Posts Tagged ‘Malta’

Top SOTMs From The World Tour

Wednesday, November 26th, 2014

934631_894563031536_987718179_nThe messages I heard from my SOTM subjects during my trip around the world fell into various categories.

Some were of hope, of ambition, of a wish for a better world. Others of advice, wisdom passed between generations. Sometimes they were a desire for loved ones not to follow the same path as the person who spoke to them.

Some were just plain sad. Others, hilarious. But they showed how much fun it is, how difficult it can be and how fragile a thing it is to be alive and around others.

I’m pleased that I got the breadth I was looking for in my subjects. I visited townships in South Africa, wealthy apartments in Dubai, a Korean school for girls, Japanese guest houses and the Australian outback, among so many other places. I found people willing to share their stories in all of them.

As difficult a task as it’s been to make such choices, here are some of my favourite SOTMs from the trip that circled the globe which I undertook from June 2013 to May 2014, across 20 countries, capturing hundreds of people’s stories along the way.

There are many more that are similarly great, and my original plan of choosing a top 10 was soon abandoned. So this isn’t a definitive list, and there are many gems from the tour not seen here but visible on the SOTM site. Just browse the map, or for World Tour in the site’s search engine, to see them all.

Click on any of the images here to see their page on the Someone Once Told Me website and, where appropriate, their translation pictures.

09022014I spotted Boy in Manila’s North Cemetery in the Philippine capital. I was taken with how he looked, just as he was, with the tomb where he lived in the background. So that’s exactly where I took his photograph.

His friend, who was ill himself, once told him: “Stop Smoking And Drinking

01052014I met Timmy in Club Charles, a hipstery bar in Baltimore, USA. Film director John Waters was also in there, as apparently it’s one of his favourite bars.

After his photo, Timmy told me a story of how he wanted to be prom king, and how his girlfriend provided a twist to his quite gripping tale.

The whole time I was wondering how come he was talking about a girlfriend, because he was clearly a gay man.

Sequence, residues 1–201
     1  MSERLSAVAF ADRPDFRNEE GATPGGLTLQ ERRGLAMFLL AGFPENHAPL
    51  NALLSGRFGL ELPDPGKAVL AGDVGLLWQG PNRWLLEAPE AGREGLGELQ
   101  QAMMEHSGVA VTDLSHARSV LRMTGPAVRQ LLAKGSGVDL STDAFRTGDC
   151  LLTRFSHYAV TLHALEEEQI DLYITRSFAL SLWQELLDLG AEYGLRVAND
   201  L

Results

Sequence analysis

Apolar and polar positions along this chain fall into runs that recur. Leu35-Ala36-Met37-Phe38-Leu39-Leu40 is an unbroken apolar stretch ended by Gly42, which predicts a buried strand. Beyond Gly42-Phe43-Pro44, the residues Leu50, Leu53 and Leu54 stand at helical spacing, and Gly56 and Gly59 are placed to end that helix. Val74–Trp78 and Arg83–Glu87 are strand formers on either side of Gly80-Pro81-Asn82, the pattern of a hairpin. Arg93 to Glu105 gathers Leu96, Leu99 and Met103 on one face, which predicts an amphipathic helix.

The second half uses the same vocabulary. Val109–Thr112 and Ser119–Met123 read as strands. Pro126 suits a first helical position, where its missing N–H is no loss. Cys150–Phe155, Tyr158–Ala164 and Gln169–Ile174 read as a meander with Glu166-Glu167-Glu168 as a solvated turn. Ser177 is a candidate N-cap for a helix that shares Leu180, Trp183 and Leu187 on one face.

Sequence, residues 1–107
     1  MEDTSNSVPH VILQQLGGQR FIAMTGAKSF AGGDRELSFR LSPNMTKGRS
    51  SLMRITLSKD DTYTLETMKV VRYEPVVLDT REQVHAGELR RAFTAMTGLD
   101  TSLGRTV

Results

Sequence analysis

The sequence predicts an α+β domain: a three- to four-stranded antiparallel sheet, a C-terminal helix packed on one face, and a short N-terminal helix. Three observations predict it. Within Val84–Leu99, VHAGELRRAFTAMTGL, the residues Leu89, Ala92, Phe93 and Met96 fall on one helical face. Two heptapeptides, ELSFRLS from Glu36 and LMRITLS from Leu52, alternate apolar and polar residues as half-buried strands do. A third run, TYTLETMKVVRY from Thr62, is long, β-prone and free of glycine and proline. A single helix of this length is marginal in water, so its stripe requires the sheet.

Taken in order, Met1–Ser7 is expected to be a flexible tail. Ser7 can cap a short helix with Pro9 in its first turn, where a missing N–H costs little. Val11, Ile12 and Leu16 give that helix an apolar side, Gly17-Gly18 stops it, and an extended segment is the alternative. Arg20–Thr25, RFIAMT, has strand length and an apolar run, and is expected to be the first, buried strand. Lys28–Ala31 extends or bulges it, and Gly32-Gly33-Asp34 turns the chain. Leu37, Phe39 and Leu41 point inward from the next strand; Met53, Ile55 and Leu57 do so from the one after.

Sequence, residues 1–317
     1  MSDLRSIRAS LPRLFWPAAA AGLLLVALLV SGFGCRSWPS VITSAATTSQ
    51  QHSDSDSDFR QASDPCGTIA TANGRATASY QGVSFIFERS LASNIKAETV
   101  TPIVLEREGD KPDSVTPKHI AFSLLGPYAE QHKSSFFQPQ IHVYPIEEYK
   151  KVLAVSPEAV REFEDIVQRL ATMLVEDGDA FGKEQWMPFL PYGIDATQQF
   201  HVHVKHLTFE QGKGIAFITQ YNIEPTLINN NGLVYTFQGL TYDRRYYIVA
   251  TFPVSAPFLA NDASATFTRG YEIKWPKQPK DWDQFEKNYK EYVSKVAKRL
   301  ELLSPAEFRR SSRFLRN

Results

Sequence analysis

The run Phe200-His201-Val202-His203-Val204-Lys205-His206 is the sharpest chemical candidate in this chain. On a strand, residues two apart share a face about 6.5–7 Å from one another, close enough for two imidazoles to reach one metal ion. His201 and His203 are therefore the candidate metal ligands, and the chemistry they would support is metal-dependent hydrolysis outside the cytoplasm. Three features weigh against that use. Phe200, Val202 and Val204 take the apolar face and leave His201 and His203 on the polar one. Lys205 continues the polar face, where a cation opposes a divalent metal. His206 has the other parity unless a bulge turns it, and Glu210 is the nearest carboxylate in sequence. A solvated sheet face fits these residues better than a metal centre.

Afterwards he explained how he now had a wonderful boyfriend, and it all made sense again.

01012014I’m a big fan of proverbs. They’re very much in the same vein as Someone Once Told Me quotes, and this one is a sort of proverb, excitingly in Khmer.

Malin told me in Phnom Penh how her Cambodian father once told her: “Don’t Live Like A Snake, Don’t Die Like A Frog” What excellent advice.

01032014Lisa chose to share a fable that she heard from a Kenyan conservationist. Again, fables are just up the SOTM street, being passed on through the generations and lodging in memories along the way.

We met at the Nelson Mandela Metropolitan University in Port Elizabeth, South Africa. Lisa plans to do her bit for conservation, and got inspiration from this phrase which is a wonderful lesson about doing what you can, no matter how little influence it will have.

I later learned that Mandela never visited the university, even though it had been named after him – but then, many things are named after him and he probably didn’t have time to see them all.

04092013Mel’s story is one of love, coming from the mouth of her grandmother who had Alzheimer’s. Mel clearly didn’t like being in front of the camera, but I’m really glad she agreed to pose by the sea in Sliema, Malta.

Her grandmother once told her: “You Are Beautiful”

05092013Miu’s story, captured in Kyoto, Japan, is one of a passion for education, a parent’s desire for their children to be educated. Her mother, tight for money, would tell her: “I’ll Buy You Any Books You Want”